Sunday, December 7, 2014

Working on Winter Projects

I'm currently working on making little stone houses for planters that I plan on selling in the Spring. This picture is so inspirational. The grass and or moss growing on the roof is really pretty. I'm not sure where this is located but what a pretty little place. Probably full of spiders and critters that found a home in the winter.

Christmas is right around the corner but I am thinking of Spring. Can't wait to once again dig in the dirt.
Merry Christmas!

Wednesday, November 26, 2014

Winter Farm

Perfect Winter Farm - So beautiful

Friday, November 7, 2014

Bok Choy Bloom

It's getting so cold and frosty but this Bok Choy flower is blooming strong.

Sunday, October 26, 2014


Community Nursing Home Visit - this is Pat and she is happy to see me. Really!  Gave me a big hug as I left. I dropped off the Flour and baked cinnamon rolls.

Senator Dick Durbin - spoke at the Know your farmer, Know your food conference. He has heart.

Walking at work one day at lunch and this appeared behind an office building.
Just some snap shots of fall things. I like this time of year. You can put things to rest and start over. The garden has some brussel sprouts left and that's about it. I'll pick them this afternoon and clean up everything. Then, put the garden to bed for the year.

Monday, October 13, 2014

Snap Dragons

Really like this flower. The elements of surprise of each stage. From seed to flower back to seed. Each step is amazing.

This batch are on their way to Evil Twin Conjure. I can wait to see the finished product. Thanks Melony

Saturday, October 4, 2014


Anne of Green Gables - love it.

Monday, September 22, 2014

Story of Rye Flour

Rye planted September 2013. It already sprouted up before the heavy snows.
Rye coming up Spring 2014
Rye starting to form seeds Spring 2014
Showing tall and strong

It's almost ready to harvest.
July - I am cutting off the tops - Bobby took this picture.
What am I going to do with all this? It's a king size sheet and it's full!
Weeks of hand removing the seeds - and I mean WEEKS

At the millers. I winnowed it 3 times and it still had little pieces

Milling Machine - Made in the USA
14 POUNDS OF FLOUR! Wow! It was warm too.
Top of Milling Machine

It's so Beautiful.

I want to Thank Ted from Ted's Organic Grains for meeting me today to grind my rye seeds into this beautiful flour. He was very generous and I appreciate it. I can't wait to bake ANYTHING with this heavenly smelling flour.

Pigs were tasting the clean out - They were squealing like crazy.

A Billy licking his lips.
Pet Me! Pet Me!
So - the pictures are a little story of the Rye that I grew at the Garden behind the Naperville Community Nursing and Rehab Center. I couldn't do this without them and I will bake each of the Angels some cinnamon rolls made with a little of the flour. So they can taste some of the love and home ground freshness. I'm searching for some little flour sacks to give them each a little bag. What am I going to do with 14 pounds? It's a lot. Then they too will have a little of the rye that grew in their back yard.

I started the seeds in September of 2013. I ground them into flour today, September 22, 2014. The process was only difficult at harvest time. In the fall, I sprinkled seeds in 4 straight rows. They started to grow in days. I wasn't sure if the heavy winter killed them but in the spring, they came up and grew really fast. It was so green and when they got tall - about 6 feet, they swayed beautifully in the wind. The calmness they projected was incredible.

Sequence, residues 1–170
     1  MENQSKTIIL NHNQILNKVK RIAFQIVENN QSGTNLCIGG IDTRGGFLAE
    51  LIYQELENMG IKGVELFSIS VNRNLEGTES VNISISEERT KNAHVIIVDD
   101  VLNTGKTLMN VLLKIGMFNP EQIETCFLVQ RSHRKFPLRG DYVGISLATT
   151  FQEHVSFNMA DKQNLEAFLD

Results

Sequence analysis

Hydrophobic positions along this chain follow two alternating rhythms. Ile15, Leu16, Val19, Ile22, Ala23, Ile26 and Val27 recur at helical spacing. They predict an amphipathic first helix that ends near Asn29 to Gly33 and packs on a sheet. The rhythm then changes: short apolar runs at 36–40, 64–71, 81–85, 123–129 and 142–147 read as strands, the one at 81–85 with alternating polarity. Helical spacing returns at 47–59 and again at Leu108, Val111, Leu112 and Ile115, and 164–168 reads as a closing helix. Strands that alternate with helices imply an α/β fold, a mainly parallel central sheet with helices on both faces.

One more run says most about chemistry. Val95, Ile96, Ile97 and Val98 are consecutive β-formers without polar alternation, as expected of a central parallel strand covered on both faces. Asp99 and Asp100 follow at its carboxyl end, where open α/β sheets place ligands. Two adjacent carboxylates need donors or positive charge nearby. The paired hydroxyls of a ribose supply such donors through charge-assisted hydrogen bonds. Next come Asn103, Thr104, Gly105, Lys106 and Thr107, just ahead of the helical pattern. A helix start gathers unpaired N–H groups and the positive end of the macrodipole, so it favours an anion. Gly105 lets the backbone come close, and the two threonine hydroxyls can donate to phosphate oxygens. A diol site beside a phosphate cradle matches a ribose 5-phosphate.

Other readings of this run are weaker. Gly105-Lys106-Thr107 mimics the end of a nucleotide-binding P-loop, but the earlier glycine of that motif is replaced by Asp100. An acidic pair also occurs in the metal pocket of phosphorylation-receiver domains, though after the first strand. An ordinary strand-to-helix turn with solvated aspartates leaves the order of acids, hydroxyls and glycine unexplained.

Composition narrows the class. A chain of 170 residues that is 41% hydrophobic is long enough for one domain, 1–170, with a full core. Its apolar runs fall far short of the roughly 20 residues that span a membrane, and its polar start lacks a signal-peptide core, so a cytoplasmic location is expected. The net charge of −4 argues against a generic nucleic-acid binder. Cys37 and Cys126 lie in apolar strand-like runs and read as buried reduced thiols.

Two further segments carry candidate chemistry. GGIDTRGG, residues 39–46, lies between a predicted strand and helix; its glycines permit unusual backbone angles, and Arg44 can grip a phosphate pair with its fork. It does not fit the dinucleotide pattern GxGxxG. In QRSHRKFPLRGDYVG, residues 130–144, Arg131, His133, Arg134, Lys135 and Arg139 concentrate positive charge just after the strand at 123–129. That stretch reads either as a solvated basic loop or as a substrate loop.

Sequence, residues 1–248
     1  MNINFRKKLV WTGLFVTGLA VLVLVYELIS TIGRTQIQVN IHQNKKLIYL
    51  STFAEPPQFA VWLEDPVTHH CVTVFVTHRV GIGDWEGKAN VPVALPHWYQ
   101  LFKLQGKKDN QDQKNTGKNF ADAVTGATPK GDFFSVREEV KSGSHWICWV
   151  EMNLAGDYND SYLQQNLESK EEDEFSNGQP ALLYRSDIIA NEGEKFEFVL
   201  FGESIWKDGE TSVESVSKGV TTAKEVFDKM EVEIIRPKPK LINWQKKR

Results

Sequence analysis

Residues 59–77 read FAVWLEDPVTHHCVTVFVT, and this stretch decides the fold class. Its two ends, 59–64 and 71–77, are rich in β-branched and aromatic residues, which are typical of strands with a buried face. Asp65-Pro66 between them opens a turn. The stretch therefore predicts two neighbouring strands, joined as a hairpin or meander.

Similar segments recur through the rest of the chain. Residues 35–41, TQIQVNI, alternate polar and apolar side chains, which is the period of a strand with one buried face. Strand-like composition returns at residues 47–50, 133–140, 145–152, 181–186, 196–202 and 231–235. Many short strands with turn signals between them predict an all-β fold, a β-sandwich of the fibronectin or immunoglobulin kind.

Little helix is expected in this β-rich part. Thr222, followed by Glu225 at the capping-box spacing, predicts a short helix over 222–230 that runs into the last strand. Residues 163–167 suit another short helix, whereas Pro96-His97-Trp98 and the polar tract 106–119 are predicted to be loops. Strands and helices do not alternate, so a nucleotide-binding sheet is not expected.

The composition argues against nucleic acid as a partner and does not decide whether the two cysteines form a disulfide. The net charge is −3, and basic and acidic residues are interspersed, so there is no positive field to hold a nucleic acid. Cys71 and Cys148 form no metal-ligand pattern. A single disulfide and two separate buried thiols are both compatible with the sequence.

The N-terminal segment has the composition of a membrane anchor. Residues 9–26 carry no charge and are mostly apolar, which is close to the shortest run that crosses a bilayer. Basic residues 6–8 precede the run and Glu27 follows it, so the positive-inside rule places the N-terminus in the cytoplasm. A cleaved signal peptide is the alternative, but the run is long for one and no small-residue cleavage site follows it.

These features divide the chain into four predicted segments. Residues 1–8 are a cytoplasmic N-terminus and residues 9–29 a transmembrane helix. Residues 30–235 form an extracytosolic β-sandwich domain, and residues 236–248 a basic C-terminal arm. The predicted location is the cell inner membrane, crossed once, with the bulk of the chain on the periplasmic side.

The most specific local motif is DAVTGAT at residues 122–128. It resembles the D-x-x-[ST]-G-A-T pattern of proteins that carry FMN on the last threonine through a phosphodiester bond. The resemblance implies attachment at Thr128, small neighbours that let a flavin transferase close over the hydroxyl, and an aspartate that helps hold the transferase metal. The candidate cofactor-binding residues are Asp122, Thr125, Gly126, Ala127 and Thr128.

Anyway - the work begins when you harvest. You forget how beautiful they looked. HA HA - After you cut them, you need to dry them. We had a very rainy summer so I couldn't leave them in the field in piles to dry. So, I dragged them all home in two sheets. A king size AND a double sheet. It was heavy and really hard to deal with. So, I cleared the floor of the spare room and let them dry on the sheets. It was like sheet sacks - I would shake them up every now and then to make sure they were dry -  I picked them all in July. So they dried for almost two months. They were bone dry by the end of August.

Then - here's the fun part. You need to remove the seeds. You would think that you can just grab a stalk and swing it on a sheet and they will just fall out. You would think that right? But No. It takes force to get them out. I saw a u-tube video that you put them in a pillow sack and then just smack the sack with a shoe. I used a boot, a mallet, baseball bat and even stomped on it. I would get about 30 kernels.  SO - I started pulling out a box full, dragged it to the living room and popped them out in a bucket by hand while watching TV. This was the only way to get them all out. I had splinters in all my fingers.

3 - 4 weeks go by and I barely made a dent in the king sheet. I was only able to get through the double sheet bundle. I still had a large amount to go and I already set up with Ted to have it ground - I needed to go back to the shoe, mallet, baseball bat method. So - I dragged the king sheet bundle back over to the garden. Got the pillow case out again and sat on the ground for 2 1/2 hours and beat them. After a while, I got the hang of it and got a lot of kernels out. I know I could of gotten a lot more but enough was enough for a first timer.

Now - you would think this is done now - wouldn't you? But No - still one more thing to do. Winnow. You need to let wind blow on the kernels to remove the little dry hairy pieces. I can't remember what they are called but they look like little airy straws.